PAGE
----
Ghazal 117, Verse 5x


kare kyaa saaz-e biinish vuh shahiid-e dard-e aagaahii
jise muu-e dimaa;G-e be-;xvudii ;xvaab-e zulai;xaa ho

1) what [kind of] arrangements would he make for sight/insight, that martyr of the pain of awareness
2) to whom the dream of Zulaikha would be a 'nose-hair' of/to self-lessness?!


saaz : 'Making, preparing, effecting; feigning'. (Platts p.625)


biinish : 'Seeing, sight; discernment'. (Platts p.211)


aagaahii : 'Information, knowledge, intelligence, acquaintance, cognizance; vigilance'. (Platts p.70)


muu-e dimaa;G : 'Hateful, disagreeable'. (Steingass p.1350)


dimaa;G : 'The brain; head, mind, intellect; spirit; fancy, desire; airs, conceit; pride, haughtiness, arrogance; intoxication; ... —the organ of smell'. (Platts p.526)


That person whom the pain of awareness has martyred-- that is, whom his awareness has ruined-- can he create equipment for sight?! And what does he get from sight-- he to whom even the dream of Zulaikha, if he sees/has it, is a cause of trouble and anxiety to his mind, and he considers even it to be an unstable and trifling affair.

== Asi, p. 194


shahiid-e aagaahii = one who would die for the attainment of mystical knowledge [ma((rifat].

He says that Zulaikha saw/had a dream; the interpretation of it was that she attained union with Joseph. But the person who would see/have that same dream, and its interpretation would be that his remaining enjoyment would become bitter-- would he long for fulfillment?! Or what effort would he make for the attainment of mystical knowledge, when the very thought of the attainment of mystical knowledge would be a disturber of enjoyment and, like a 'nose-hair', would bring about trouble?

== Zamin, pp. 287-288

Gyan Chand:

muu-e dimaa;G = someone who would be an annoyance to a gathering. muu-e dimaa;G-e be-;xvudii = something that would be displeasing to self-lessness.

Zulaikha had seen Hazrat Joseph three times in a dream. The dream of Zulaikha is, so to speak, the best possible dream. Someone likes self-lessness, and does not like consciousness and awareness and knowledge and insight. The self-less one to whom even the best possible dream would be unpleasing, who would feel pain from awareness-- would he worry about biinish (that is, knowledge)?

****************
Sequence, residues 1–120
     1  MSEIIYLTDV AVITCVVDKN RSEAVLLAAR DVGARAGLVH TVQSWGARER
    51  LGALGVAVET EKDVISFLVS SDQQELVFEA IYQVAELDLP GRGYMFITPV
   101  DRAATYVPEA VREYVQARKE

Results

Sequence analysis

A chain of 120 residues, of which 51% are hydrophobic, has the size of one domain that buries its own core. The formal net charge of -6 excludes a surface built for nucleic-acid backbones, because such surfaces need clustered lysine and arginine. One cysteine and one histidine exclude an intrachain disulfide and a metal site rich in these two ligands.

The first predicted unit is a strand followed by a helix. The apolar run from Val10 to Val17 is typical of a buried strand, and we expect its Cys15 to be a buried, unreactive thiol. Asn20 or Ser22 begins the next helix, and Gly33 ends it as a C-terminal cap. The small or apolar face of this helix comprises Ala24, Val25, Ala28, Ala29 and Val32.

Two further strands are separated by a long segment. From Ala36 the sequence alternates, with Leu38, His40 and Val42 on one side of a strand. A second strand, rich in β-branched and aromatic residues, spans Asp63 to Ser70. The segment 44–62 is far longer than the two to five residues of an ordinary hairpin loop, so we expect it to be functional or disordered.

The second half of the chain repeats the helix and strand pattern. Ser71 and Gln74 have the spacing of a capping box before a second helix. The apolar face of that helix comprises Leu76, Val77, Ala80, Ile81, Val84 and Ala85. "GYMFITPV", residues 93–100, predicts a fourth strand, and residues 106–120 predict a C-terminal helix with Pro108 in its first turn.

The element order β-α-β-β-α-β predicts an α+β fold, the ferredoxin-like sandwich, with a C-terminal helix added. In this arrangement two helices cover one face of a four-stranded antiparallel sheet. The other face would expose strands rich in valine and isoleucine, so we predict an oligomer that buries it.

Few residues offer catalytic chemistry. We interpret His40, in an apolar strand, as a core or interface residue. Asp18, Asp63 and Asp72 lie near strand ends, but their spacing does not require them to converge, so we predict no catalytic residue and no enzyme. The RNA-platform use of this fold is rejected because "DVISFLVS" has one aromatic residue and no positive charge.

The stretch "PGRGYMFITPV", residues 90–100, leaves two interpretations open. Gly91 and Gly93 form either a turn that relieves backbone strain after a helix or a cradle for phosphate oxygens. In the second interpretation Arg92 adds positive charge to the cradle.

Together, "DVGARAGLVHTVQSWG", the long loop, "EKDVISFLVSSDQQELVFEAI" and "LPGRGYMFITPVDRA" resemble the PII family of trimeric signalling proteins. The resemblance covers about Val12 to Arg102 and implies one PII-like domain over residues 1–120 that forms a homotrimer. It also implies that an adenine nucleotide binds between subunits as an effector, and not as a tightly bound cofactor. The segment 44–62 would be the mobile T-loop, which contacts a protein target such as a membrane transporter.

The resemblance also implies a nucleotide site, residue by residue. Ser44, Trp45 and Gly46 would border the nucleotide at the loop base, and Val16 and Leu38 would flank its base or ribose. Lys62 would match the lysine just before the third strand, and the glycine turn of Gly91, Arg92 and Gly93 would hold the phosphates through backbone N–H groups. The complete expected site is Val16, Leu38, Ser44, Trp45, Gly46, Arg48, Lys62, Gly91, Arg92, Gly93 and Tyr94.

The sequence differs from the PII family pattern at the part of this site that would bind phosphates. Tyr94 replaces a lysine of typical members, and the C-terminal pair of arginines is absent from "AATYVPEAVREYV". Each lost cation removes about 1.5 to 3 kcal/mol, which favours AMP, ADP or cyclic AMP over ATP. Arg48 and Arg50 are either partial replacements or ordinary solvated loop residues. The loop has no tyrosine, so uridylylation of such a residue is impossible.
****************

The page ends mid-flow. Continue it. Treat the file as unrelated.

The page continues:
== Gyan Chand, p. 303


BEKHUDI: {21,6}
DREAMS: {3,3}

For background see S. R. Faruqi's choices. This verse is NOT one of his choices; I thought it was interesting and have added it myself. For more on Ghalib's unpublished verses, see the discussion in {4,8x}.

For extensive discussion of the 'dream of Zulaikha', see {194,5}.

Who exactly is the martyr 'of' the pain of awareness? The powerful versatility of the i.zaafat means that it could be someone who already has awareness, and has suffered from it (Asi's reading); or it could be someone who would be ready to suffer in order to attain awareness (Zamin's reading).

Moreover, the verse evokes no fewer than four states of consciousness: discernment or insight [biinish]; awareness or cognizance [aagaahii]; a mystically visionary dream state [;xvaab-e zulai;xaa]; and self-lessness or self-transcendence [be-;xvudii]. This is almost an embarrassment of riches; it's like trying to juggle with too many (hopelessly abstract) balls at once. (Additionally, there's the terrific wordplay with dimaa;G as 'mind'; see {11,2} for discussion.)

Roughly, Gyan Chand's common-sense reading would amount to something like 'Would he seek out insight-- the person who has suffered from the pain 'of' awareness, the person to whom even a mystically truthful, divinely-sent dream like Zulaikha's would be merely a bothersome disturbance to his self-lessness?'

That question can be a genuine question-- or, thanks to the good offices of the 'kya effect', it can be a strongly affirmative exclamation ('How he would seek for insight!'), or an indignantly negative one ('As if he would seek for insight!'). And depending on how we frame the relationships among those four abstract states of consciousness, any of these readings could quite well be made to work.

But the real reason that I chose to include this verse was because of the grotesquerie, the morbid fascination, of its including in its lofty and abstract meditation on states of consciousness-- a 'nose-hair'. Obviously, it's there for the wordplay of dimaa;G in its more common meaning of 'mind'. For more on 'nose-hair' verses, see {42,8x}. It kind of brings the abstractions down to earth, doesn't it?